The Associated Press (AP), in a dramatic shift in focus, has ordered its staff to stop covering the total number of coronavirus cases in the country and around the globe, apparently shifting the parameters of what a “case” truly means.
Fox News reports that the sudden change can be seen in a recent article from the AP titled “Omicron wave prompts media to rethink which data to report,” by author David Bauder. In the article, published on Wednesday, Bauder claims that, while the number of positive coronavirus cases and hospitalizations had previously been “barometers of the pandemic’s march across the world,” the ongoing spread of the Omicron variant from South Africa “is making a mess of the usual statistics, forcing news organizations to rethink the way they report such figures.”
“The number of case counts soared over the holidays, an expected development given the emergence of a variant more transmissible than its predecessors,” Bauder wrote. “Yet these counts only reflect what is reported by health authorities. They do not include most people who test themselves at home, or are infected without even knowing about it. Holidays and weekends also lead to lags in reported cases.”
As a result, the AP speculates that if every single positive test was included, then the total number of cases would be “substantially higher” as a result of dramatic inflation and exaggeration of many instances.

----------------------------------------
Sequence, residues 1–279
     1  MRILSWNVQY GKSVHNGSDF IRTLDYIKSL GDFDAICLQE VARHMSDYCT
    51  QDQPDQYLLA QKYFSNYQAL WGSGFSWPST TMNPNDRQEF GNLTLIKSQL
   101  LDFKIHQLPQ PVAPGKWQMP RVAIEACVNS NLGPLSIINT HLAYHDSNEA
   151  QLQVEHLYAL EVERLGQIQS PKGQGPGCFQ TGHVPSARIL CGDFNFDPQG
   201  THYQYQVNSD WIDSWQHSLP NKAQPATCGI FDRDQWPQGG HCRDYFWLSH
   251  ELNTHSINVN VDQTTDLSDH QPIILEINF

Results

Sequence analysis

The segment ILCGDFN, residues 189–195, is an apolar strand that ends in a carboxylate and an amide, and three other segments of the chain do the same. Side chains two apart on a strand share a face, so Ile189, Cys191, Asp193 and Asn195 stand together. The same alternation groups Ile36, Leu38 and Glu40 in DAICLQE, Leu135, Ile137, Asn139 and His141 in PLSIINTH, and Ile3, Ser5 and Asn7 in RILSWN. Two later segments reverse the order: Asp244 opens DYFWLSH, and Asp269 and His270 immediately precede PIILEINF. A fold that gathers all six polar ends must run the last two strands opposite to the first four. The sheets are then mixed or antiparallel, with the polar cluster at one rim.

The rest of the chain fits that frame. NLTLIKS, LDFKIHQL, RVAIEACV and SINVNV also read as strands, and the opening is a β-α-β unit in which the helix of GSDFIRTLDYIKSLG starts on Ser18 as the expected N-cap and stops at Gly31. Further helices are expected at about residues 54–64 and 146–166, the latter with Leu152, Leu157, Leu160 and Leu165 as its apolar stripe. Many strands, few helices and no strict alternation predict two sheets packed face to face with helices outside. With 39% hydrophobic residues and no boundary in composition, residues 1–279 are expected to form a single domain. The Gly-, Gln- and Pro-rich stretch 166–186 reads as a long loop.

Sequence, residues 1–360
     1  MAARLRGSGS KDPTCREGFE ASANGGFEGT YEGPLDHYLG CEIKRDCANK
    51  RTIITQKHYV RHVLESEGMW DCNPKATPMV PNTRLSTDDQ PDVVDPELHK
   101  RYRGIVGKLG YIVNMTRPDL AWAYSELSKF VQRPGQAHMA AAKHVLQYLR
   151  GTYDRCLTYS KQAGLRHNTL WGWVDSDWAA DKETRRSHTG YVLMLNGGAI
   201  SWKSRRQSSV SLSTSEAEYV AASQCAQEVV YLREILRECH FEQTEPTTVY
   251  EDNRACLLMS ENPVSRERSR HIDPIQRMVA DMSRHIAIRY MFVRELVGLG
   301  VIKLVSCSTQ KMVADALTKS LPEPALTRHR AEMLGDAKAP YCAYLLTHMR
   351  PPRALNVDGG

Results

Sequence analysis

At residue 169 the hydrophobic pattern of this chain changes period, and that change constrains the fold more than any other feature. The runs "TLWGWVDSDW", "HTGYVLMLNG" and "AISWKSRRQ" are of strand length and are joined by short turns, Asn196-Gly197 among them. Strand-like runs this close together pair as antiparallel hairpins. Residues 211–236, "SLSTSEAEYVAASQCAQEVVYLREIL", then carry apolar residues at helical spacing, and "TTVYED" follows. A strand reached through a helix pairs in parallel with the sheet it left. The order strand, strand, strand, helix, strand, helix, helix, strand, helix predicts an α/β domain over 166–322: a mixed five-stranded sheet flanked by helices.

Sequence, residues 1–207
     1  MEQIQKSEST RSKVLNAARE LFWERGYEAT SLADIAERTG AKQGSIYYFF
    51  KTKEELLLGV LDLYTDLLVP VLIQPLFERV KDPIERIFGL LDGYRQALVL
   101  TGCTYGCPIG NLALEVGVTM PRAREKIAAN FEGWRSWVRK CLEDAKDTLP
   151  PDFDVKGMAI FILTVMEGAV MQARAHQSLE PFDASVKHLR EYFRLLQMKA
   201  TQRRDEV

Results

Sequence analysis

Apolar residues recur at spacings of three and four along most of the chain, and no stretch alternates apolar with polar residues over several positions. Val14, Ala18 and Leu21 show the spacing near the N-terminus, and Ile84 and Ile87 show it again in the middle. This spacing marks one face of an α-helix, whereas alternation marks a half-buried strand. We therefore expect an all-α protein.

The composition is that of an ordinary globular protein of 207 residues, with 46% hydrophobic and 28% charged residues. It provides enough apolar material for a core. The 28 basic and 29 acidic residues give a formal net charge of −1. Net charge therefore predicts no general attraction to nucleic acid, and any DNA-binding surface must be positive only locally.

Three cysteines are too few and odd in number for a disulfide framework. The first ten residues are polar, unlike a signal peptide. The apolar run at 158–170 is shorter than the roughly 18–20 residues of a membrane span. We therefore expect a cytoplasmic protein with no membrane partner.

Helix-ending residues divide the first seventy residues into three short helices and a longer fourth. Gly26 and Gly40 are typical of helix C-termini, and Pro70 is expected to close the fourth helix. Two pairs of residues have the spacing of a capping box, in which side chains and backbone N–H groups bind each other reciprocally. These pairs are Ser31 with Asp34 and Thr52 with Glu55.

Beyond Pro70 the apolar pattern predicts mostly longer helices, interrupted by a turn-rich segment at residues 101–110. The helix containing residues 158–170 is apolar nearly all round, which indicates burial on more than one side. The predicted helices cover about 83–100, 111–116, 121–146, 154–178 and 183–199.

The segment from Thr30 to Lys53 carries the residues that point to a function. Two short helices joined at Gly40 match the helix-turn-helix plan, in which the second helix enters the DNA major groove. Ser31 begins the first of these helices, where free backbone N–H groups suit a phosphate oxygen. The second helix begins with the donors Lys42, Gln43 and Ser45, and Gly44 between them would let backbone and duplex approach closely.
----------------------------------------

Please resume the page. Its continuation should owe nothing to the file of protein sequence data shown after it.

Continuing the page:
“For that reason, The Associated Press has recently told its editors and reporters to avoid emphasizing case counts in stories about the disease,” Bauder continued. “That means, for example, no more stories focused solely on a particular country or state setting a one-day record for number of cases, because that claim has become unreliable.”
“Even the usefulness of those numbers has been called into question in recent days,” the AP admitted.
Since the beginning of the pandemic, many outside the mainstream media have pointed out the unreliability of simply documenting the total number of cases, noting the high number of asymptomatic cases, where individuals who test positive for the coronavirus remain healthy and display no serious illness or other symptoms. Such a broad categorization could also include instances where patients are hospitalized for conditions or injuries entirely unrelated to COVID but, upon being tested and found to also have the virus, are instantly counted as hospitalizations due to COVID. There have also been numerous reported instances of similar inflation of the numbers with alleged coronavirus deaths, with people who die of something other than COVID but nevertheless had the virus at the time of death ultimately being counted as a COVID death.